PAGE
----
Measuring the Value of Unpaid Internships

There’s been a lot of chatter lately surrounding unpaid internships and whether or not this type of “employment” is fair or not, and because I mentioned in my last blogpost that aspiring PR professionals should be “okay with working for free”, I feel obligated to express my own opinion on the issue.

Personally, I would only take on an unpaid internship under one of the two circumstances:

1. I would work full time – if this was during the schoolyear and I was earning a course credit. (Essentially, I would not be going to school, I would simply be going to this job and “learning” there.

2. I would work 1 (maybe 2 if I really liked the position) days a week for free, while going to school/working/participating in extracurriculars at the same time. (This is basically my life right now, as I volunteer at the HBSPCA in a position with many intern-like qualities).

As someone just entering the field, I think it is extremely important to remember that you are not entitled to simply getting a job because you have a particular degree, hence why I place such importance on building your portfolio in other ways. I’ve had enough conversations with industry professionals to know that these are the experiences that stand out to employers, thus students should keep in mind that, at one point or another, you’ll have to ‘pay your dues’.

But while this is true, I think students today are severely undervalued in the workforce, and it makes me a little uneasy – because let’s face it, we’re talented. And while people may try to tell you that “money isn’t everything”, I think it is completely unreasonable to ask someone to work 40 hours a week, for free. Especially if they’re contributing valuable work to your company.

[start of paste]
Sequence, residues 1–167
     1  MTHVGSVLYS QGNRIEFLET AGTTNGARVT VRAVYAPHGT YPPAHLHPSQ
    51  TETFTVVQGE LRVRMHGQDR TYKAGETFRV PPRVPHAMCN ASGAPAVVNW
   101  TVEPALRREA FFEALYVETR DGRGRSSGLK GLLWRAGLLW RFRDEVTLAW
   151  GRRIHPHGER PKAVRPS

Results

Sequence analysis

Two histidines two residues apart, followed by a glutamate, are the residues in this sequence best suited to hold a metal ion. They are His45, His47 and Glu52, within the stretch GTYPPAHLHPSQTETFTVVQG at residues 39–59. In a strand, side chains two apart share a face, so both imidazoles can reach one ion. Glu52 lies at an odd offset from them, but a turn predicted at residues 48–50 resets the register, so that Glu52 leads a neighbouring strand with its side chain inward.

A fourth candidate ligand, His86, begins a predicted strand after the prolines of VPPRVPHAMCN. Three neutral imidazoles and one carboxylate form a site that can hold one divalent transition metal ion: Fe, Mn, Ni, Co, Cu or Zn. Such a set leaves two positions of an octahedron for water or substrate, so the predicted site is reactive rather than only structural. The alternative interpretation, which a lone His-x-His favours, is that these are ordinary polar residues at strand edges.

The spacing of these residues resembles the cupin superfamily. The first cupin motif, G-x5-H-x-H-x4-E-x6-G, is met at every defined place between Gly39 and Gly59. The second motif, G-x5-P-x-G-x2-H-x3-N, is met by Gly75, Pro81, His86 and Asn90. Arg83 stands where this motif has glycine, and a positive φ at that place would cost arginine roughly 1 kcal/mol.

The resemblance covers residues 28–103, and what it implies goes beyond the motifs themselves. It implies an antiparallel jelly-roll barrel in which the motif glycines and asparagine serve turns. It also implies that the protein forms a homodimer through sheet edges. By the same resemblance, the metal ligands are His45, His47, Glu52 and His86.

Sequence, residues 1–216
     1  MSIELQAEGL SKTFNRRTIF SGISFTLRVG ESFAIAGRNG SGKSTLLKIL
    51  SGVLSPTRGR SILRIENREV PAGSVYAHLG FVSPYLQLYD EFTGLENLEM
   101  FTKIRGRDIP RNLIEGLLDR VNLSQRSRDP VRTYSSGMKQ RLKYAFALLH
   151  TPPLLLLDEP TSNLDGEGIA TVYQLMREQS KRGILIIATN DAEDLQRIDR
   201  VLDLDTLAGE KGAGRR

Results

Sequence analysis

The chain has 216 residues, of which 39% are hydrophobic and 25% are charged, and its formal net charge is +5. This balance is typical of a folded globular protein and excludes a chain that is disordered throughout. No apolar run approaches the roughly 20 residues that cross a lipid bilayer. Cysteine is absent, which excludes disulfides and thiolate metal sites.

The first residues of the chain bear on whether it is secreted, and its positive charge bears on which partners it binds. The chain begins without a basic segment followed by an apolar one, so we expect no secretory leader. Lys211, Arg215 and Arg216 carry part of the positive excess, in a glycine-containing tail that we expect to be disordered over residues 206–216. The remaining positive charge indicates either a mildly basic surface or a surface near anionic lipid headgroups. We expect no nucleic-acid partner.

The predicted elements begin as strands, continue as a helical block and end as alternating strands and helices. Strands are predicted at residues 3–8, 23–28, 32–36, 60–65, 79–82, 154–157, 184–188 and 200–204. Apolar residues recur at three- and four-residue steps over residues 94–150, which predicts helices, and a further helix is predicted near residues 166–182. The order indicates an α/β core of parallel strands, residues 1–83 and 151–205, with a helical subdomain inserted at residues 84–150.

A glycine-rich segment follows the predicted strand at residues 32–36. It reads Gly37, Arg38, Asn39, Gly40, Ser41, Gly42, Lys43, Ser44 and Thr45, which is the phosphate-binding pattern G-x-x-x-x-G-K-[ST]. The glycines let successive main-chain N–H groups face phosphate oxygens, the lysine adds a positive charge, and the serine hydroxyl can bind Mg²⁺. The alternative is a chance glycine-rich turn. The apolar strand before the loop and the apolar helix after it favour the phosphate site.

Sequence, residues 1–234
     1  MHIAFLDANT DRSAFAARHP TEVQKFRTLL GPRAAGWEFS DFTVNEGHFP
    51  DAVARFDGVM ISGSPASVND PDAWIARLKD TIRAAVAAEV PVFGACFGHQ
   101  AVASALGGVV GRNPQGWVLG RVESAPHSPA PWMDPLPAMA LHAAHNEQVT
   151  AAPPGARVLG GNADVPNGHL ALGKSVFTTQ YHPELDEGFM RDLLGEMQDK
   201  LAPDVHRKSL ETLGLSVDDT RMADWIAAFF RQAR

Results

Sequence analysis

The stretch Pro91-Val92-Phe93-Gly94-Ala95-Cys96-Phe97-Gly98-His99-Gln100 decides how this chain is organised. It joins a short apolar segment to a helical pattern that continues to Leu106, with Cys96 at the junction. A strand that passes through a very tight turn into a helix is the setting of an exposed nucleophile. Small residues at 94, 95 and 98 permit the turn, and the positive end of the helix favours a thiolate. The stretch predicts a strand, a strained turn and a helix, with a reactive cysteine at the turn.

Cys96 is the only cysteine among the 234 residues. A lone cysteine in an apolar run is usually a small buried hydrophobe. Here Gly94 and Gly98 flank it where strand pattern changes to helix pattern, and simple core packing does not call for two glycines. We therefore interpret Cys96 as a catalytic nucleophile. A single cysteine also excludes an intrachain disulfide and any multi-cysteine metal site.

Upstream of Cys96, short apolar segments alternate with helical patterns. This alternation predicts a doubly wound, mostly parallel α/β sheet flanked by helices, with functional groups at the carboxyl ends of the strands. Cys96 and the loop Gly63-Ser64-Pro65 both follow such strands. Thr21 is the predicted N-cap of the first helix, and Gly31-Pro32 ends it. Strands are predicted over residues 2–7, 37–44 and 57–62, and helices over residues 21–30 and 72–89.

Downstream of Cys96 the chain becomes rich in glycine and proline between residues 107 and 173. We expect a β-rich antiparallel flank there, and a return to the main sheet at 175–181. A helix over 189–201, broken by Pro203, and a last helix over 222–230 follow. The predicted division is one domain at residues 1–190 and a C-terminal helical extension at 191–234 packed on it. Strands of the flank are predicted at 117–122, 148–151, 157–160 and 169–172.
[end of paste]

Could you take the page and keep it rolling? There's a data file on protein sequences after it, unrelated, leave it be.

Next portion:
So while it may be tempting to take on one of these roles, particularly if it’s located at a fairly desirable and/or glamorous company, ┬ámake sure you’re not selling your soul just to be able to list a name on your resume. As students, we’re often worth way more than we give ourselves credit for.

If you’re interested in reading more about the unpaid internship debate taking place in Canada right now, The Globe and Mail has been covering this issue extremely well.


So You Wanna Work in PR?

It’s that time of year again – the dreaded summer job search. I’m hoping most of you have mapped out your plans for the summer, but I know I’ve talked to a lot of people who are feeling frustrated with how difficult it is to find a summer job or internship in their field. And I’ll agree – it’s not easy, especially since it’s so hypercompetitive. I got really lucky last summer, and just sort of, unexpectedly fell into, my very first PR job at African Lion Safari. Since then, searching for PR employment has definitely gotten easier, so it just goes to show that all it takes is that one job.

But what happens when you’re struggling to even find that one?

You take matters into your own hands, duh! There are plenty of things you can do to gain related experience, and many employers see value in a person who tries to gain this experience elsewhere. So here’s how you start:

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Nail Your Summer Job Search

Let’s face it, the summer job search is really not fun for anyone. But I love the thought of finding a brand new summer opportunity, because it’s the perfect time to learn outside of the classroom while gaining new contacts and new resume material. Last year I was lucky enough to have a fairly successful job search, so I’ve raised the bar for myself this year – and you should too! Here are a few of my secrets for nailing the summer job search:

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